Antonio Chaboya’s name isn’t really well known throughout San Jose but his land holdings certainly are today. Rancho Yerba Buena, parts at least, stayed in the Chaboya family for over a hundred years. From all accounts, they were exemplary citizens predating the European or American immigrants.
Antonio Chaboya, born in Mexico in 1803, obtained one of the first land patents from the Mexican Government, post-Spanish rule. Antonio and family probably came to the Santa Clara Valley with father, Marcos Chaboya, to colonize the area during the late Spanish Period. With Mexican Independence shortly after, the Spanish Missions were decommissioned and their large land tracts were up for grabs. The Missions once were the source of agriculture for the Spanish. Antonio Chaboya enjoyed one of the largest tracts of land afterwards.
Rancho Yerba Buena raised a huge herd of cattle, hundreds horses and various crops. Antonio Chaboya and his family enjoyed a fairly untouched version of Evergreen, not being able to cultivate it all. Rancho Yerba Buena’s rolling hills were populated with grasslands, creek beds, spearmint and oak trees. Yerba Buena translates to spearmint in Spanish. Rancho Yerba Buena was over 25,000 acres, making it a high maintenance property.
Antonio Chaboya was granted the land originally in 1833 by the Mexican Rule, but had to fight to keep it through the 1860’s in the United States. The Chaboyas and their ranch hands even fought and killed bears on their property. The family hosted an annual rodeo at Rancho Yerba Buena for the young horsemen they employ and of the pueblo. The Chaboyas traded a lot of cowhides with Americans and enjoyed a wealthy lifestyle. The property was left to Antonio’s descendants in his passing in 1865.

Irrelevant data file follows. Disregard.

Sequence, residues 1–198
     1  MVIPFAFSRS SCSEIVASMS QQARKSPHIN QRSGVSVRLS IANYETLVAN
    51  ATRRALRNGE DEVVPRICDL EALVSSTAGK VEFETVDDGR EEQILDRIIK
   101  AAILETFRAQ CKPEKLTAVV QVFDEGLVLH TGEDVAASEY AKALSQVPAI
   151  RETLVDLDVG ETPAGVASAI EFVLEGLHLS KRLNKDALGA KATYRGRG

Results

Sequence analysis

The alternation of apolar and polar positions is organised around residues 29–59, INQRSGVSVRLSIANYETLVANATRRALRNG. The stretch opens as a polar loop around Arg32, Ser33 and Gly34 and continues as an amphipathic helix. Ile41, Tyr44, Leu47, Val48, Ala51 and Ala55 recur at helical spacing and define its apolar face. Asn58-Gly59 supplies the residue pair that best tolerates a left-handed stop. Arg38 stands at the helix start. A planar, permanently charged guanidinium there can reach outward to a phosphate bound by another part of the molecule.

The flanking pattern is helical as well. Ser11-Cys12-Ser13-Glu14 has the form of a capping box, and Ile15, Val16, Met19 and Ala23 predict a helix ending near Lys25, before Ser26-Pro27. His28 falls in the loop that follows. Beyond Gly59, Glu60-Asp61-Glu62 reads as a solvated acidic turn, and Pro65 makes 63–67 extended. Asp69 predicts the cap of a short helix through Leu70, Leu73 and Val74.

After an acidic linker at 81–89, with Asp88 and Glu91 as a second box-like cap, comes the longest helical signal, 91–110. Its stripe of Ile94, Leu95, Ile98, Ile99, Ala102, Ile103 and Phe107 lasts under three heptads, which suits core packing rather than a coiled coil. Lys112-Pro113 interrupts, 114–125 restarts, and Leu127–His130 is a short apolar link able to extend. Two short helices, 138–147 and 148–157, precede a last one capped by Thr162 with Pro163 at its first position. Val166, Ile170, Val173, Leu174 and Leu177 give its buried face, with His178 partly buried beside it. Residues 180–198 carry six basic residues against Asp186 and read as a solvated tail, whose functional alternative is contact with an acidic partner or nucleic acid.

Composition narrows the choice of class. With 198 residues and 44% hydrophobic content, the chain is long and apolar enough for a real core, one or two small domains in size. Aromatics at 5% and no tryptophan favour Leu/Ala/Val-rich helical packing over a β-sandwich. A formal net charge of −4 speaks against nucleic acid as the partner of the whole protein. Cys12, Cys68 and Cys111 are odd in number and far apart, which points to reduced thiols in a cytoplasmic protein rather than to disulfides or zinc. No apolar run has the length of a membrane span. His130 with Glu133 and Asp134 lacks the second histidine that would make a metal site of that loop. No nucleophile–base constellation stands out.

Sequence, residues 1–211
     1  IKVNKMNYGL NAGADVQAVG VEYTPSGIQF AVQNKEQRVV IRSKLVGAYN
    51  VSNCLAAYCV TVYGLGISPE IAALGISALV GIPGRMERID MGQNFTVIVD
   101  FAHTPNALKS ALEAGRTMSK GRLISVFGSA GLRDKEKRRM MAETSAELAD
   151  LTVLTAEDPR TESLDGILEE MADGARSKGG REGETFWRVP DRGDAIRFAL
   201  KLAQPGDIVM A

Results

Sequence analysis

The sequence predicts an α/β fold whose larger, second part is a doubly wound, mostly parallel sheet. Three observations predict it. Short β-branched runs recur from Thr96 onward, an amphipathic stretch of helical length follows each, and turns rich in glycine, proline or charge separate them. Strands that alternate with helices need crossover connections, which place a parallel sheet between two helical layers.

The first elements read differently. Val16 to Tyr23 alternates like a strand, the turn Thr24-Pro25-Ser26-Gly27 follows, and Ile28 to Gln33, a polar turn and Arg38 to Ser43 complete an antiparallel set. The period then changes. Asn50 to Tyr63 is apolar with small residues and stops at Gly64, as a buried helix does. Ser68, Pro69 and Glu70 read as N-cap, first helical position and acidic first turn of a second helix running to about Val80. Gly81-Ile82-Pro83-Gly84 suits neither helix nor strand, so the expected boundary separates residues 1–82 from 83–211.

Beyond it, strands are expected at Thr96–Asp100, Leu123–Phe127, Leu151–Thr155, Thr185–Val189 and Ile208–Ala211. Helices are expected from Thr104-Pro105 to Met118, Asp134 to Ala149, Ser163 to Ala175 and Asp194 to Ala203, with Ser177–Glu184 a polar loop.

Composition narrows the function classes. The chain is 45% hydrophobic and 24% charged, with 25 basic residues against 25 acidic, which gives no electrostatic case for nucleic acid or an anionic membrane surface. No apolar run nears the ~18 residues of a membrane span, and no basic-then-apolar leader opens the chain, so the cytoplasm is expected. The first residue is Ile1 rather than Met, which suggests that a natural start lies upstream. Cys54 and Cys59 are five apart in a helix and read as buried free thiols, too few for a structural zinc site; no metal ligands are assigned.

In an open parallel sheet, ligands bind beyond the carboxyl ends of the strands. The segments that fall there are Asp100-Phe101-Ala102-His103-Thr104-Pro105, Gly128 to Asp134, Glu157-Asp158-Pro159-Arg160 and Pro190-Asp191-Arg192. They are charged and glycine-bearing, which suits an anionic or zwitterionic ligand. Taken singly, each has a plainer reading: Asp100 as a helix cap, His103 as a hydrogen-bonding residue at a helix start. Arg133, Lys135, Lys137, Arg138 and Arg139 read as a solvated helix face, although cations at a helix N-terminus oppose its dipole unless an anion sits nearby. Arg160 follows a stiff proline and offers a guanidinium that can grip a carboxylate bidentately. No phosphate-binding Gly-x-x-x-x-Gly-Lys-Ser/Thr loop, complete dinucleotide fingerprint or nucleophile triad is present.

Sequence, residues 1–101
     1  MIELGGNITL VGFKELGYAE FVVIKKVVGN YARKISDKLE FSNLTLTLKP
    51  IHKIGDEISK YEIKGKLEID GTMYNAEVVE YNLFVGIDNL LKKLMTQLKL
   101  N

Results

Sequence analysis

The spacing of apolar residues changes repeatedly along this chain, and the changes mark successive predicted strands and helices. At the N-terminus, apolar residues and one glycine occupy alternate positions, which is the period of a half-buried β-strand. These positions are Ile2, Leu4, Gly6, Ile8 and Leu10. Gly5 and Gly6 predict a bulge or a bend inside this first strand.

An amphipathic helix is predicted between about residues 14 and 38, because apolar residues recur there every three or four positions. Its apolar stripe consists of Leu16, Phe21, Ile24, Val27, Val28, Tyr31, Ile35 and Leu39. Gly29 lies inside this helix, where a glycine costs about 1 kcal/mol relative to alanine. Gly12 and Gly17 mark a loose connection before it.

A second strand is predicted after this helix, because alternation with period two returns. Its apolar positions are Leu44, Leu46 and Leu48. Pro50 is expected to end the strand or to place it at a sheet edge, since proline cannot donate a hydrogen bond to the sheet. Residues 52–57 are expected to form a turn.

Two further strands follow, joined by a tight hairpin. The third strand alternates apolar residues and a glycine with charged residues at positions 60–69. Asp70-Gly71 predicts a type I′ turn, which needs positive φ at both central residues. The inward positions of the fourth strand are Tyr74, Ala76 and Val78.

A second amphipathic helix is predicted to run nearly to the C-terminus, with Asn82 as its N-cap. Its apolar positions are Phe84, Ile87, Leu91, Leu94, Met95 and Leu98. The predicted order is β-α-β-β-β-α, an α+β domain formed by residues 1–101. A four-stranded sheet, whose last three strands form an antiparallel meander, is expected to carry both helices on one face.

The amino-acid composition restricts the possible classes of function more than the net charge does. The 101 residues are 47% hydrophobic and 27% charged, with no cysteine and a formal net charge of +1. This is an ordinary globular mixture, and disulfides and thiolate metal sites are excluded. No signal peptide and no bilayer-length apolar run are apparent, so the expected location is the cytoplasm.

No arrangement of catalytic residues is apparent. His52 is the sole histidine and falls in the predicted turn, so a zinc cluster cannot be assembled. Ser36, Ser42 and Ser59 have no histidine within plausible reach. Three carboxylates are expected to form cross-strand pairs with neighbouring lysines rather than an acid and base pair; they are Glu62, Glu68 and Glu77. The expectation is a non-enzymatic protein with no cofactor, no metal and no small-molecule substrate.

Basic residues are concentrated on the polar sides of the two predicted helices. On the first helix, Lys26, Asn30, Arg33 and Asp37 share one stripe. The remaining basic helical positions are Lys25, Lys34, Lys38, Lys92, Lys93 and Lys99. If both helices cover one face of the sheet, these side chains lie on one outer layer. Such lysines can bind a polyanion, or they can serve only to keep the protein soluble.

After the Mexican American War, Antonio Chaboya again was granted Rancho Yerba Buena by the US Government in 1858, one of the first real estate cases heard over “squatters’ rights”.
Antonio’s brother, Pedro Chaboya, served as one of the first lawmen in the area under Mexican Independence. Pedro Chaboya lead the fight when under Spanish rule to defend the ranchos of the Santa Clara Valley from Native Americans and create some peace for the ranchers. He would maintain a much smaller land patent west of Rancho Yerba Buena, near the present day fairgrounds.
We will discuss Evergreen’s land fights, though we didn’t focus much on it within the artwork itself. Rancho Yerba Buena was over 25,000 acres and hard to scout and watch at all times. As cattle grazed throughout Evergreen, it might have been years until someone came upon a new farm or Native camp popping up. The Chaboyas had to part with Rancho Yerba Buena in sections to provide newcomers the opportunity of the American Dream. With this realization, Downtown Evergreen on San Felipe Road and Aborn Road was the first area densely populated with new farmers.
The Chaboya family would maintain homesteads off of Quimby Road in the center of the former Rancho. Chaboyas would have the last names Shobolo, Shabolla, Chabolla and Chaboya, all being pronounced the same way. Chaboya orchards were a source of pride. The family would marry into other prosperous Mexican and American families. They were a well-liked, hard working bunch in Evergreen into the 1940’s. Then, the trail goes cold.
Little trivia: Yerba Buena and Evergreen are trying to communicate the same things about our community and land. Spearmint is super green, and again the forever green inspires the same. If you get a little mint in your yard, watch out. It’s a nuisance and a weed after a while. Spearmint will make itself quite comfortable in your Evergreen flowerbed, as I know from experience.
The Chaboya/Chabolla story is a crucial one in our timeline because it spans our Native American Evergreen to early California Statehood Evergreen into the 20th century. It wasn’t until the late 1800’s that Americans started purchasing large lots of land from Rancho Yerba Buena. We find them so important, we’ve featured them several times in the Mural Walk. Here’s what I’ve designed to honor the Chaboya Legacy.